But what about George Osborne? The day after Sir John branded leavers as delusional, the former Chancellor of the Exchequer gave a speech to the British Chambers of Commerce where he argued that our “withdrawing from the single market will be the single biggest act of protectionism in the history of the United Kingdom”. As pointed out Shanker Sigham, Osborne is perpetuating Brexit myths as there is a big difference between being a member of and having access to it.

Unfortunately, though, like Sir John and others, Osborne is also rehashing the debates we had during the referendum. Indeed, in the referendum he even made it clear that a vote to Leave was a vote to quit the Single Market. Well, the majority of voters stated their preference – and it now looks like we’ll be leaving the EU’s Single Market.

And by leaving the EU Single Market, the Government’s policy is forward looking. Instead of being consigned to the idea that we must remain members of a harmonising regional regulatory unit – which is essentially what the EU’s Single Market is – leaving gives the UK the freedom to adopt an ultra-competitive global approach to business whilst taking control over its legal and democratic processes which have, over the past 40 plus years, been given away to the EU.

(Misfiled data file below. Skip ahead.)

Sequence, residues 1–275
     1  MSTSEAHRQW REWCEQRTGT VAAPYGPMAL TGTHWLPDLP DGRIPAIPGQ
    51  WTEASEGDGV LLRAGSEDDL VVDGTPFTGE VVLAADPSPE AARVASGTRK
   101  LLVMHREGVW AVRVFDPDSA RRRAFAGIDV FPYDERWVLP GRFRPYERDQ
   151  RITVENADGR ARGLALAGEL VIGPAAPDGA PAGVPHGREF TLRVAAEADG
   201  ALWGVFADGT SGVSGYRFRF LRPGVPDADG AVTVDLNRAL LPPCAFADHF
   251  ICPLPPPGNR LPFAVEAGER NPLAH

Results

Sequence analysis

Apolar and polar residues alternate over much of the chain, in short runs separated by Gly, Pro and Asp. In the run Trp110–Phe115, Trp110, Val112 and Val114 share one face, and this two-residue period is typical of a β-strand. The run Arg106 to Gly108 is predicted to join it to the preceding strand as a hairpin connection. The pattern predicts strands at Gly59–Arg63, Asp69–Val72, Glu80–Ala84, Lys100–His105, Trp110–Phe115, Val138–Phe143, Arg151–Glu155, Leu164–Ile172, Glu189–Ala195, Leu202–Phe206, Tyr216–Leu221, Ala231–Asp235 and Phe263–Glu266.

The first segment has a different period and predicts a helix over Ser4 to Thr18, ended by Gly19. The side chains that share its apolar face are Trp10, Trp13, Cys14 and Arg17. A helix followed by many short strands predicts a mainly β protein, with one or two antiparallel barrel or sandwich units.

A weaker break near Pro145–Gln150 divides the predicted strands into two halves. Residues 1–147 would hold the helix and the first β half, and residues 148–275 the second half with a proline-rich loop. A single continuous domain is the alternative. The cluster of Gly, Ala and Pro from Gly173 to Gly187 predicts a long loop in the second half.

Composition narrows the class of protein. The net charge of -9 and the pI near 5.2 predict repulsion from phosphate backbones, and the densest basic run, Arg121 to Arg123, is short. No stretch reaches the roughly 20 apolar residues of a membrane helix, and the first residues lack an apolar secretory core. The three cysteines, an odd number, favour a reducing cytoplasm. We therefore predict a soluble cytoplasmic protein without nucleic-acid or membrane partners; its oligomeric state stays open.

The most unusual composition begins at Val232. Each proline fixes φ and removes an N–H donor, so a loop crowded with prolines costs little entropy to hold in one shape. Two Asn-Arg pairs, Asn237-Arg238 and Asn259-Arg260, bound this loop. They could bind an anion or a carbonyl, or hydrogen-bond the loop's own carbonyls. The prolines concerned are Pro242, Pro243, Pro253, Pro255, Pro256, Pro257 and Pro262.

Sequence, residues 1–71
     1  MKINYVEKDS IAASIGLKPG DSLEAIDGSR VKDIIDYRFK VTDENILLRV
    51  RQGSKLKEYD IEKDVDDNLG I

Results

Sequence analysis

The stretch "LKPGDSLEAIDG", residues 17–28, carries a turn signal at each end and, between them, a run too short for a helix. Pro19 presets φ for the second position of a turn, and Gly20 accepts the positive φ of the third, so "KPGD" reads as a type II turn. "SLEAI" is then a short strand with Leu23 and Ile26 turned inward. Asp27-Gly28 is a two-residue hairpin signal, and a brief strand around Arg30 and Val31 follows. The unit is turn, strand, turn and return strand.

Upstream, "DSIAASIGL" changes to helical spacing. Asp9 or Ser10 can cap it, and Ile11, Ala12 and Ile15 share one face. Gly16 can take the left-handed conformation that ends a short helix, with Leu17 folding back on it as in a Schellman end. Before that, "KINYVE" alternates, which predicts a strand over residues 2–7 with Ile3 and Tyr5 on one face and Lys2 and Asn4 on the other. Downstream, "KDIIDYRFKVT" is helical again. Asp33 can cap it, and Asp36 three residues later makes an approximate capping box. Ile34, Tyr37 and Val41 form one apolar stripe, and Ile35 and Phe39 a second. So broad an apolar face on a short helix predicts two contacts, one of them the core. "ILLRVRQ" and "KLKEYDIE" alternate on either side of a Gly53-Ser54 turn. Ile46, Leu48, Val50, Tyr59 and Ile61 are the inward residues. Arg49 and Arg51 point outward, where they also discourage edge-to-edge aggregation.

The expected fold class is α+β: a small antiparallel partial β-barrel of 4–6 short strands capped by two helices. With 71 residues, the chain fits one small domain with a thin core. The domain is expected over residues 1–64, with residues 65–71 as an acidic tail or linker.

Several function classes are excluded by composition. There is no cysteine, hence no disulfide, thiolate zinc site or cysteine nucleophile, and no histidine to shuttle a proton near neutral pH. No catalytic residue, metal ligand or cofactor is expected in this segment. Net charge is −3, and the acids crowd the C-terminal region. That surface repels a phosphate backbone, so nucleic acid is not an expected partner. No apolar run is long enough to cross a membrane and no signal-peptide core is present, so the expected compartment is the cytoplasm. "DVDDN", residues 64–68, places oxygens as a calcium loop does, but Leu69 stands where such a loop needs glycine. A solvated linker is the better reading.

As I mentioned in my previous article last week, Brexit gives us the opportunities to lead the world in economic, political and personal freedom.

In Brexit, we have the opportunity to embrace the future and confine failed thinking to the past. Let’s ignore yesterday’s men.


4.86 avg. rating (96% score) - 14 votes
Rory Broomfield
Rory Broomfield
Rory Broomfield is Director of The Freedom Association and the Better Off Out campaign. He is an authority on the EU and has written a number of books including his latest, co-authored with Iain Murray, Cutting the Gordian Knot: A Roadmap for British Exit from the European Union. He has previously worked in the City of London and in Westminster for a number of Members of Parliament, including the current Prime Minister, Theresa May; the current Chairman of the 1922 Committee, Graham Brady; and Sir Richard Shepherd.